The new lawsuit illustrates the county’s long history of discrimination in voting, explaining that the county had a literacy test for voting from 1922-1969 and that until 1995, a voter purge law in the state “purged 56% more voters in predominantly minority election districts than in predominantly white districts.” 

Due to this history and other factors such as the existence of racially polarized voting and the inability of voters of color to elect their candidates of choice, the plaintiffs argue that the county legislature’s map violates the NYVRA and “unnecessarily ‘cracks’ and ‘packs’ Nassau County’s communities of color,” which inhibits their ability to have a representative government. The plaintiffs ask for a map where voters of color should have the opportunity to elect their candidate of choice in six districts, not four. 

A Black voter in Cheektowaga fights for better representation on his town board.

In Western New York, in the second largest suburb of Buffalo, former town board candidate Kenneth Young says it’s time for the town to adopt electoral districts instead of its current at-large system. Young argues in a new lawsuit that the six-member body that governs the Town of Cheektowaga has not elected Black voters’ preferred candidates in multiple races, but would have if the town adopted a districting system. 

As the complaint illustrates, the northwest portion of Cheektowaga has a majority-Black population, while the rest of the town has a majority-white population. Because of this, the town has racially polarized voting, where white and Black Cheektowaga residents support different candidates in state and local elections. 

Young is asking the court to order Cheektowaga to enact a map of six single-member districts for all future town board elections.

With current leadership failing to prioritize their needs, Black and Hispanic voters ask for a new electoral system. 

On the other side of the state, and 60 miles north of New York City, Black and Hispanic voters filed a new lawsuit challenging the at-large system for electing members to the Newburgh Town Board. The plaintiffs allege that the town’s five-member legislative and policy making body  dilutes the political power of Black and Hispanic voters, in violation of the NYVRA.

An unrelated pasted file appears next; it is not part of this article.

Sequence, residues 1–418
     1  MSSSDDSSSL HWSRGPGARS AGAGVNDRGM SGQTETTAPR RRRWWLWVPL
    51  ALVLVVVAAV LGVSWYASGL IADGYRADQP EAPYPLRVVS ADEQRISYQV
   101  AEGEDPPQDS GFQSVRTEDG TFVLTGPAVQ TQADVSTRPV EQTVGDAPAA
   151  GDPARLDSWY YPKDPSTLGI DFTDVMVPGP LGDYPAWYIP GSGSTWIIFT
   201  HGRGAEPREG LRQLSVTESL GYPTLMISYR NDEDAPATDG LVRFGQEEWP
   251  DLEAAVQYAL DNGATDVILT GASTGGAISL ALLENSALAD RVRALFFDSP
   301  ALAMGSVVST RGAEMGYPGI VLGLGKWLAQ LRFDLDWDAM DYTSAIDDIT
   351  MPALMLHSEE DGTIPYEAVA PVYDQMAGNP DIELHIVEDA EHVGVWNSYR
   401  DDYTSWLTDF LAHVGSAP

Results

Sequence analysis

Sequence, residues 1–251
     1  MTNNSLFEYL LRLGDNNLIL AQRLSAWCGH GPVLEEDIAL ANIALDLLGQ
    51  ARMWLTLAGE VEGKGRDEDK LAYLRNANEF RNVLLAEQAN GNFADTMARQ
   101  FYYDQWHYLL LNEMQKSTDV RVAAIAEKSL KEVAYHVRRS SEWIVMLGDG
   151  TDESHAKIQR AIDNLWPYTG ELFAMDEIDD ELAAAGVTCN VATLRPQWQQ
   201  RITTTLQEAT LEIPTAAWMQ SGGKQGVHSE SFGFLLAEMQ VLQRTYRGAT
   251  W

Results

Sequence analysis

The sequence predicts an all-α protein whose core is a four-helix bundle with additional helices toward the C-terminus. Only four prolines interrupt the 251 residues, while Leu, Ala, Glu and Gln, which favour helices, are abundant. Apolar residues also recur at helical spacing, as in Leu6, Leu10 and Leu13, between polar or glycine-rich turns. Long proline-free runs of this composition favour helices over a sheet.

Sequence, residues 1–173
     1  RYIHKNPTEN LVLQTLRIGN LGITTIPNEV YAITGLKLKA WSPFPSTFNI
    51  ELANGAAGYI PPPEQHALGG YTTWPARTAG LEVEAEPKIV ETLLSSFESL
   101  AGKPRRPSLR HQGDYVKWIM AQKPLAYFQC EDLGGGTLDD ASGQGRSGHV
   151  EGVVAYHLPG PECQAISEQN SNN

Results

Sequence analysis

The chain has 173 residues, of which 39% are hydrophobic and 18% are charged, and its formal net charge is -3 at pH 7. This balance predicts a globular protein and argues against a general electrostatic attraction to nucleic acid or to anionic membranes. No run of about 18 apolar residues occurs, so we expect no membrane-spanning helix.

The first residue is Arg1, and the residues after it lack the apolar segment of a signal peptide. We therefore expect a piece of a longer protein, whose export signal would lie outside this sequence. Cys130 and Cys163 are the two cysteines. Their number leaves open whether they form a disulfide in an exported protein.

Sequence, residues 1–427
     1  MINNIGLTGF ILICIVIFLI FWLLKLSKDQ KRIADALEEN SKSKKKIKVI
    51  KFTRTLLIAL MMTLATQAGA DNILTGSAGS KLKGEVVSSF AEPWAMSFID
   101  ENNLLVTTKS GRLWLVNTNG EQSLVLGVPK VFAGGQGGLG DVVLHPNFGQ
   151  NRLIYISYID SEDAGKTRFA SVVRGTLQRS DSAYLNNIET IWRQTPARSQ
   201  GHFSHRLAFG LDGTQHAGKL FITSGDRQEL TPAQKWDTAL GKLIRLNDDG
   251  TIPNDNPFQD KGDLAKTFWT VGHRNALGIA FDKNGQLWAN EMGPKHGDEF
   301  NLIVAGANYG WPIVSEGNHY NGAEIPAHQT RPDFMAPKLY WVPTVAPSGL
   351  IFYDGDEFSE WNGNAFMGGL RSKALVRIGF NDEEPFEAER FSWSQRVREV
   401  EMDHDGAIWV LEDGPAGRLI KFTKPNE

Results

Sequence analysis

According to their lawsuit, Black and Hispanic residents comprise 25% and 15% of the town’s population, respectively. Despite this, every person elected to the board has been white.   Their lawsuit argues that the town’s unanimously white board is not a coincidence, but rather a byproduct of the town’s electoral system. The lawsuit highlights the town’s treatment of asylum seekers and its decision to expand a harmful power plant against Black and Hispanic voters’ wishes as examples of how the town’s leadership does not adequately represent the town.

In this case, voters ask the court to block the use of the at-large system in future town board elections and order Newburgh to implement a new electoral method in time for the town’s 2025 elections.

Electoral systems can have a huge impact on how voters are represented, now voters are asking their local communities for better. 

These lawsuits across the Empire State are the inaugural tests of New York’s new law aimed at improving minority representation and voting power throughout the state. At the heart of each of these lawsuits, voters are asking for their voices to be heard often in cases where they previously have not been. 

Aba Tieku contributed research to this story.